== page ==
Now, that we have covered a few highlighted tidbits, let’s cover some details of exactly what to look for. For a 2,000 calorie diet the new 2005 Food Pyramid by the U.S. Department of Agriculture Center for Nutrition Policy and Promotion (USDA) suggests that you eat 6 oz of grains, 2 ½ cups of vegetables, 2 cups of fruit, 3 cups of milk or milk products and 5 ½ oz of meat or beans every day. They also suggest that you read the Nutrition Facts and avoid foods with added sugars or foods high in saturated fats, trans fats and sodium. Also, some suggestions made by other health organizations such as The American Heart Association are that no more than 30% of the total daily caloric intake be derived from fat; no more than 300 mg of cholesterol is consumed in a day; no more than 2,400 mg of sodium consumed in a day; and that 20-35 grams of fiber is consumed every day.

So when it comes to packing a lunch for your child: be selective in the items that you purchase, send fresh fruit (shoot for organic fruit), use whole grain bread verses white bread, do your best to cut out sodas (including diet) and overly sugared drinks, and incorporate the food pyramid as much as possible. Plan out all of the meals, drinks and snacks with a well balanced diet in mind. It is good to stray from packaged food as much as possible, although I know it is impossible to avoid them all together, just do your best to make the most nutritious choices possible, avoiding high concentrations of sodium, sugar, fat, cholesterol and saturated fats. Also, incorporate a multi vitamin into their daily regime. On a practical note we are aware that parent’s can’t always be nutritionists when planning out and preparing meals. Växa Buddies come in fun shaped animals and taste delicious, but more importantly this is one product that you won’t have to worry about unnecessary fillers, sugars or nutrients.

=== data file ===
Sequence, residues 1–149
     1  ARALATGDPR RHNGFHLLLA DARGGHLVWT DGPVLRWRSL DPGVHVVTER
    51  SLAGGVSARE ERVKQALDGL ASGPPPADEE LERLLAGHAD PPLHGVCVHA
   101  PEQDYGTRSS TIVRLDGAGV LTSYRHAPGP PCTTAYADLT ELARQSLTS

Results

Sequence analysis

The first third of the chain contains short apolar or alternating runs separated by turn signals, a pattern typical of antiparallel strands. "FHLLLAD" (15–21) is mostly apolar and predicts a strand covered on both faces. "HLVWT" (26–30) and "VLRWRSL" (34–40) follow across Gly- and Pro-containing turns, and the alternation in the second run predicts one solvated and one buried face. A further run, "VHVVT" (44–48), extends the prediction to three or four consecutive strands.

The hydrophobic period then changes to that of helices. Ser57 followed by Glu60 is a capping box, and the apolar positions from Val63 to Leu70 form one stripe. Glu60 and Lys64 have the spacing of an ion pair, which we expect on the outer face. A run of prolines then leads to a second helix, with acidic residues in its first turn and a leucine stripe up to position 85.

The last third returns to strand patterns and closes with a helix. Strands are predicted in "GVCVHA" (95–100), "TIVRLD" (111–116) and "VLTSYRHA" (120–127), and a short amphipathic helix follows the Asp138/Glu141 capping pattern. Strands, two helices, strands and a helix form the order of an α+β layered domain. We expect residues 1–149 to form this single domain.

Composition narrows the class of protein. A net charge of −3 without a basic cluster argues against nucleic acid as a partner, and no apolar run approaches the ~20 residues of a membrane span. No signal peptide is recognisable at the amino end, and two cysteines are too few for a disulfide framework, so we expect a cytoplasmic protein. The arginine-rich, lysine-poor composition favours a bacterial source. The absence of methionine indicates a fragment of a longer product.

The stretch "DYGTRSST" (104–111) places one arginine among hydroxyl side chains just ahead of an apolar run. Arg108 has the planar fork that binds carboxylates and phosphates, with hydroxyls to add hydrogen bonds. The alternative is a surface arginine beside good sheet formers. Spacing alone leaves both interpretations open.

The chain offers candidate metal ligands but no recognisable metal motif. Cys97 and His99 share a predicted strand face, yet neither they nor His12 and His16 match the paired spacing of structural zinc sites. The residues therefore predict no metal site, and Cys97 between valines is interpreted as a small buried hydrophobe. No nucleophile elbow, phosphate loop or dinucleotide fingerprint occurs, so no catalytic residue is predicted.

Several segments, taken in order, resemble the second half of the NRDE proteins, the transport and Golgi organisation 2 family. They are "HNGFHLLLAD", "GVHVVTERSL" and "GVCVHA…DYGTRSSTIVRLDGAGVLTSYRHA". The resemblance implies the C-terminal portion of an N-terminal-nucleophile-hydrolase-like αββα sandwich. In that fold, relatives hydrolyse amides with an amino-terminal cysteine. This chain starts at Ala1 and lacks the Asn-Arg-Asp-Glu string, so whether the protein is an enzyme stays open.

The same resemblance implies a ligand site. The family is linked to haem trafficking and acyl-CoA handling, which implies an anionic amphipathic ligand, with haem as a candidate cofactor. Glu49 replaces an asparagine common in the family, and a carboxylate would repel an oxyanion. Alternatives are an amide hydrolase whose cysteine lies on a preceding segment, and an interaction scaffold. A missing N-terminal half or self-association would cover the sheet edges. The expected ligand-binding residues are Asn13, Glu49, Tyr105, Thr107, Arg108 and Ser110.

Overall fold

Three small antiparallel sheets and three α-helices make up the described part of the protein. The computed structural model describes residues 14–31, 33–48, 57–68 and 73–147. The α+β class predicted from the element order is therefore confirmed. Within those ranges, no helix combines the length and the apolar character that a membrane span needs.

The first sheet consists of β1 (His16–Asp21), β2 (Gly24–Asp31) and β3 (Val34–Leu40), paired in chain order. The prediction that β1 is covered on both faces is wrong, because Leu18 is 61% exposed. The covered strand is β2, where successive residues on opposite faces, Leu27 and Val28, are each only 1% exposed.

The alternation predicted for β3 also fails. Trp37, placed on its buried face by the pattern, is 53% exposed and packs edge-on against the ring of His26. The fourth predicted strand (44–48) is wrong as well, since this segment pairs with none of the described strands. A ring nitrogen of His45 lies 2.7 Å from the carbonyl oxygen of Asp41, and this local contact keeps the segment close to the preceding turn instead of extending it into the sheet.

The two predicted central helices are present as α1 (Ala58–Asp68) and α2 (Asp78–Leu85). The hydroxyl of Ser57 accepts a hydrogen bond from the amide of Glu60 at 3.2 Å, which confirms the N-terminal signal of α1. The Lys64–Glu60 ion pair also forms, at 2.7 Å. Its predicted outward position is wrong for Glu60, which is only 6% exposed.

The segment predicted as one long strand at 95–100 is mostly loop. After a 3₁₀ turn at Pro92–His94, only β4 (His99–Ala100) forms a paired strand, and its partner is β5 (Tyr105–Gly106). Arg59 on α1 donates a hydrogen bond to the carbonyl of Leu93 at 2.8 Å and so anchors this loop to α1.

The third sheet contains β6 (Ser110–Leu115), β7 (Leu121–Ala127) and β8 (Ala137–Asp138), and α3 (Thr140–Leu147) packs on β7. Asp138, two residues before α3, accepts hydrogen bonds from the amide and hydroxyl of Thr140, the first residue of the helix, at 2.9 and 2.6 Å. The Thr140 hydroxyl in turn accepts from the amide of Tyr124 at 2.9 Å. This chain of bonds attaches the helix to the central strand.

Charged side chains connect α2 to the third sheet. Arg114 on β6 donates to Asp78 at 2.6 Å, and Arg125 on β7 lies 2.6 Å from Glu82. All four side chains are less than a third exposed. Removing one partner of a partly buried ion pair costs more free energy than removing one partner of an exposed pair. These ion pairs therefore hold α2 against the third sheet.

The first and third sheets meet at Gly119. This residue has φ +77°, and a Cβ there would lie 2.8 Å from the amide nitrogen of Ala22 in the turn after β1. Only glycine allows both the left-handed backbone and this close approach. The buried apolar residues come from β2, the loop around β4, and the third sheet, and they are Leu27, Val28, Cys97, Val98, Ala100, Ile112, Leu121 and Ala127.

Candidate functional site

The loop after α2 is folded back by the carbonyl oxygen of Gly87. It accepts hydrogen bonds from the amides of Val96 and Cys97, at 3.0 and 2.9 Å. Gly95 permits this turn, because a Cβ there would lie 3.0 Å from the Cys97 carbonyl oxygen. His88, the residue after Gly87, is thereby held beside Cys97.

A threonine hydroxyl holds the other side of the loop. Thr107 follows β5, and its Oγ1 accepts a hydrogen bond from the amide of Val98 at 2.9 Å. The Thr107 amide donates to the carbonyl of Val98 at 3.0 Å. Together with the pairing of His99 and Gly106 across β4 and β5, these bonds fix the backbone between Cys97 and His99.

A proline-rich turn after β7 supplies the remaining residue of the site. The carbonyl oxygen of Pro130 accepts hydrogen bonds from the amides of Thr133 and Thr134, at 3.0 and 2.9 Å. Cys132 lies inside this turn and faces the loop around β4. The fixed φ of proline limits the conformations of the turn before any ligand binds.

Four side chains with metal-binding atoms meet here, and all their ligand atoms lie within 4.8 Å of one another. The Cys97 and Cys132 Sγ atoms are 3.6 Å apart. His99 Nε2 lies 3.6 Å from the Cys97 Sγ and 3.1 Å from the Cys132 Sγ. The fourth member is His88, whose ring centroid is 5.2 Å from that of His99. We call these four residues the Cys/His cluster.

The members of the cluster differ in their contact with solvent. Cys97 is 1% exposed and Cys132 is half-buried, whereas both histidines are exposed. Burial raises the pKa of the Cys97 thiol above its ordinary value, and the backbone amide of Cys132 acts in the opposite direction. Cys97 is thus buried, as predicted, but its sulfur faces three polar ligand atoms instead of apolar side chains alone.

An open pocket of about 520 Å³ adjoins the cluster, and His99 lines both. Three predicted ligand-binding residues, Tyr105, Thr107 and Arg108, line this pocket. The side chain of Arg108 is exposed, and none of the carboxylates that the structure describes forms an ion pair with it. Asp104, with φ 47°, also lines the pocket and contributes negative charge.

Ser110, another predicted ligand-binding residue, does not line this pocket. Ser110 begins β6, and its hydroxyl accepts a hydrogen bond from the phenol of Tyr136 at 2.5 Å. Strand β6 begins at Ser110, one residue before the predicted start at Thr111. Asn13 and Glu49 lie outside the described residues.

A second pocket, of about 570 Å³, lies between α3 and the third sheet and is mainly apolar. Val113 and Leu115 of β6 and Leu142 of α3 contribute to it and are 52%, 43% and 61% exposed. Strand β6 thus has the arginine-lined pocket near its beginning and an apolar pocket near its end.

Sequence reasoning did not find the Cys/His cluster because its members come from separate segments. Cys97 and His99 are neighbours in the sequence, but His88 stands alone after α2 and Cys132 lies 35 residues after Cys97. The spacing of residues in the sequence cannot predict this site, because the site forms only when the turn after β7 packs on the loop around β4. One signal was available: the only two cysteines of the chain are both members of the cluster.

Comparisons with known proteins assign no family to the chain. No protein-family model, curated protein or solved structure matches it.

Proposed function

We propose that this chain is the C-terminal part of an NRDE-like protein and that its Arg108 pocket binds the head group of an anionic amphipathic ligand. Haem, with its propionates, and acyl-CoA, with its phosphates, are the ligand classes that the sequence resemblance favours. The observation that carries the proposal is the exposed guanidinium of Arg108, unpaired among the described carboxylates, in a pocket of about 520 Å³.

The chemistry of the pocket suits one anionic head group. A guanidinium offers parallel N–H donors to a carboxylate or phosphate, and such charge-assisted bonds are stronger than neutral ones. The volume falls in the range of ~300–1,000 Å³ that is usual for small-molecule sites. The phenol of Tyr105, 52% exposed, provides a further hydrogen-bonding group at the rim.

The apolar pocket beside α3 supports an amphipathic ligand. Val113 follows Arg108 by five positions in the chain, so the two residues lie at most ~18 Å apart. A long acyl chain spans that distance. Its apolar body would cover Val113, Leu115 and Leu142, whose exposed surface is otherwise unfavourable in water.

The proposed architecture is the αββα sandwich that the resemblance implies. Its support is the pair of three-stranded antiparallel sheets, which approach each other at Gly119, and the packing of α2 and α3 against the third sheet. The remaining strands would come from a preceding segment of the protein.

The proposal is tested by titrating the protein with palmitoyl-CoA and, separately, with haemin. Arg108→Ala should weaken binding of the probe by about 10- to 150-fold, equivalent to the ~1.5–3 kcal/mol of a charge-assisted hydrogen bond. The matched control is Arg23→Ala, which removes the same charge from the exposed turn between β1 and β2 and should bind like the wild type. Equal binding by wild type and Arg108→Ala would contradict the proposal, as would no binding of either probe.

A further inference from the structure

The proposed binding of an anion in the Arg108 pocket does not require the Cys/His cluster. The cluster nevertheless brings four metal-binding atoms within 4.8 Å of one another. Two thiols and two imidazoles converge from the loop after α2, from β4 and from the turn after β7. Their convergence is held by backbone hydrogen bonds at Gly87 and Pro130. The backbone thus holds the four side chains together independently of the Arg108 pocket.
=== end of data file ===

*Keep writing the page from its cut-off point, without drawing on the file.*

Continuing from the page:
Our Suggestions For Healthy School Lunches

  • Instead of lunchmeat, leftover meat sliced thin or made into a salad will make a great sandwich packed with protein, yet without preservatives.
  • Send lettuce (the darker green the better) and tomato in a separate baggie so it will stay fresh and they can add them to their sandwich.
  • Send them with organic yogurt rather than the ones marketed to your child, which come loaded with sugar. There are a few organic brands found in popular chain grocery stores that come flavored, but you can sweeten up plain or vanilla yogurt with diced up fresh fruit of all kinds. In fact, combining two fruits gives you an opportunity to meet the 5-A-Day fruit and vegetable requirements.
  • Cottage cheese is also a good option and you can add fruit or honey to it for some added zest.
  • In addition to the diced fruit, send them with a whole fruit or two (apple, peach, pear, banana, etc.) to eat as snacks throughout the day.
  • For a must have sweet, devil food cookies can be a good choice. Again, be sure to read the labels;you can find some that are low in all of the bad stuff.
  • There are some baked or toasted corn chip/cracker products out there that are not so bad. We don’t want to neglect our children entirely of the fun stuff they are surrounded by, just teach them to make wiser choices.
  • A mix of unsalted nuts (organic) is a great way to get daily portions of protein, fiber and essential fatty acids.
  • Chunks of cheese can provide daily milk and calcium requirements. Again, be sure to read the labels, some brands can be loaded with salts and preservatives.
  • For some vegetable ideas, although this is nothing new, send your child with some cut carrots and celery with an all-natural peanut butter. If you can get them to eat other vegetables like cucumbers, zucchini, tomatoes, etc., you can send them with a mix of cut vegetables to nibble on.